Here’s the one that had me throwing my hands up in exasperation:
>talk to raiythius
The object doesn’t understand you. Only Raiythius or C/C++ programmers (employing the latest 633K 5P34K) can decipher your nano-blabber.
Paul implemented “X” for “examine” (which is nice, even given the introductory lecture on why it shouldn’t have been necessary). He even added an “alias” command to create shortcuts to two-word actions. The top of the display shows function-key shortcuts to several verbs. A text map is available in-game. The problem is that these are the advanced features Paul has included to prove that he’s growing as an IF author. The game structure itself is still antiquated and obsolete.
The beginning, for instance, is a CYOA-style prologue with a couple of prompts (and not command prompts – you are expected to type “go west” and it’s not routed through general parsing). That wouldn’t be an issue except that you can’t skip it on later play-throughs, and you can’t load a saved game until you move through it into the game proper.
I really tried to get past these things and put effort into playing a game Paul has put such effort (even if misguided) into writing. It’s just… an exercise in frustration. It’s a shame, because some of what Paul writes hints at brilliance. The rest, sadly, is an incomprehensible mesh of disparate ideas that don’t seem surreal or inviting, just confusing and strange. It ranges from beautiful imagery and well-imagined originality to exhausted elements rehashed from his prior games and toilet humor. The PC is a huge female beetle (spelled “beatle” in the game) accompanied by a comically sadistic hellhound who isn’t quite as funny as Paul thinks he is. This female beetle, it seems, can not only elicit friendly flirting from a concubine bartender, but she can engage in “romantic intercourse” with yet another woman (some opium-smoking guild master). As awkward as much of the story seems, I think it might have made an interesting and surreal adventure if not marred by so darned many technical issues.
The ending is equally strange. I couldn’t get to it the intended way (is the game truly unwinnable?) so I looked in the source code afterwards. At the risk of spoiling the conclusion to a story somebody out there may wish to play, it involves an NPC called Dunric who commits seppuku (a specific suicide of Japanese origin) with a knife. What precedes it is the PC’s apology for the suffering Dunric has endured, and Dunric’s calm answer that “the competition” will never change him. This is surely just a figurative flight of fancy for the author (I sincerely hope that it is), but if there is any correlation between Dunric the NPC and Dunric the author, it’s a chilling way to end a story – any story.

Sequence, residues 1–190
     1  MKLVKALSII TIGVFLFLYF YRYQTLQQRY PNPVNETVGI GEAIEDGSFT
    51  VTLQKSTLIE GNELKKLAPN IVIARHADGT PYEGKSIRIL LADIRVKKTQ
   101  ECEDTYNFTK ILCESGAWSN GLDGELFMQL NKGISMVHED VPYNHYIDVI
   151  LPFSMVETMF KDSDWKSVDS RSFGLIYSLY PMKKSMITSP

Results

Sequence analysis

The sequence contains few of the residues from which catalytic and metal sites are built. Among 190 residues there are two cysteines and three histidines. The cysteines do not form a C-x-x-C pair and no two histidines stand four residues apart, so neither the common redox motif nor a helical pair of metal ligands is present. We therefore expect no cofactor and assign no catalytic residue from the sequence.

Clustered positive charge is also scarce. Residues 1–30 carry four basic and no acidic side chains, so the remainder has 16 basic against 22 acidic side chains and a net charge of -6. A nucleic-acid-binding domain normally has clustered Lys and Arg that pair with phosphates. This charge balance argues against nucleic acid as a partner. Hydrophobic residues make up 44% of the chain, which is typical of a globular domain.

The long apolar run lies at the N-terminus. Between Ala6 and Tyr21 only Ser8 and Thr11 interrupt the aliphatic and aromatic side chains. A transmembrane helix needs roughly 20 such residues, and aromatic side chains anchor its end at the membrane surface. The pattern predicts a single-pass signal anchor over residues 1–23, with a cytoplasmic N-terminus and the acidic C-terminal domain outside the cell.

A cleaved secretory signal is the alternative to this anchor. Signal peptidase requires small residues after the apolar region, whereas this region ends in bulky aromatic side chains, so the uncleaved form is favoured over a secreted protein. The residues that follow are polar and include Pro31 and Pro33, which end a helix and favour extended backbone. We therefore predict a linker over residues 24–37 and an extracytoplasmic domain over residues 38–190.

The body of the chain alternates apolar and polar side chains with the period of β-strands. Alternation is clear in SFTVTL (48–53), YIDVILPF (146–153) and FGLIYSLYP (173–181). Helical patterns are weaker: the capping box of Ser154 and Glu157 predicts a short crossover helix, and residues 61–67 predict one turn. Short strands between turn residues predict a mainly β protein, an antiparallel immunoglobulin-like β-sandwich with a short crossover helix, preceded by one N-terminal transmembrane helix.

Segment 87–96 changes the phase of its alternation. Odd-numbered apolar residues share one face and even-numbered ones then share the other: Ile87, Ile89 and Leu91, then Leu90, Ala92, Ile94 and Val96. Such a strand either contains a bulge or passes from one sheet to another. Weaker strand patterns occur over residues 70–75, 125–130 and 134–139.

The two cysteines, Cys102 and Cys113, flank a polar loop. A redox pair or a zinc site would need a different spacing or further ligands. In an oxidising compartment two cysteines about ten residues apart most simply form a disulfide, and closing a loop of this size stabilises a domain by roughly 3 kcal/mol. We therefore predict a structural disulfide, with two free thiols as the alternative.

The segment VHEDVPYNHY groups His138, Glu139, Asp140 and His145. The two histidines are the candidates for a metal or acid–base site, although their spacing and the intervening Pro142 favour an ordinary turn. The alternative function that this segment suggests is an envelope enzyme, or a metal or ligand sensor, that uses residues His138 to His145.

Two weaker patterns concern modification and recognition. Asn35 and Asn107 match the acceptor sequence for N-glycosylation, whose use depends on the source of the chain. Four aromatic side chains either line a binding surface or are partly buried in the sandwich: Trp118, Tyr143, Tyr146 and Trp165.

It would be easy to vote the game a “1”. Most judges will. I think if anything is good about a game, it deserves at least a “2”. I’ve gone up from there, though, based almost entirely on the effort that went into the game, not the result. Plus, there are a few well-written and visceral passages that make it clear Paul had something big in mind for Ghost of the Fireflies. I’ve rated it a “X”, but with a “minus” for being so technically unsound and generally a pain to actually play. I can’t recommend it, and it’s probably going to rank at or near the bottom in the final results.
To wrap up, I would recommend (again) to Paul that he pick up Inform, or TADS, or even Adrift. Please don’t be so adamantly against learning something new and taking on a new challenge. I’d like to think we’ve always been on friendly terms. I’ve offered suggestions, sent information about bugs, written reviews far lengthier and more open-minded than most, not dismissed your games based on by-line alone, avoided (I think) the Panks-bashing that sometimes felt like a daily routine, and even beta-tested one of your games. So, please consider this the friendly, well-intentioned advice it’s meant to be. Just consider it. Your games would benefit by it. I really believe this.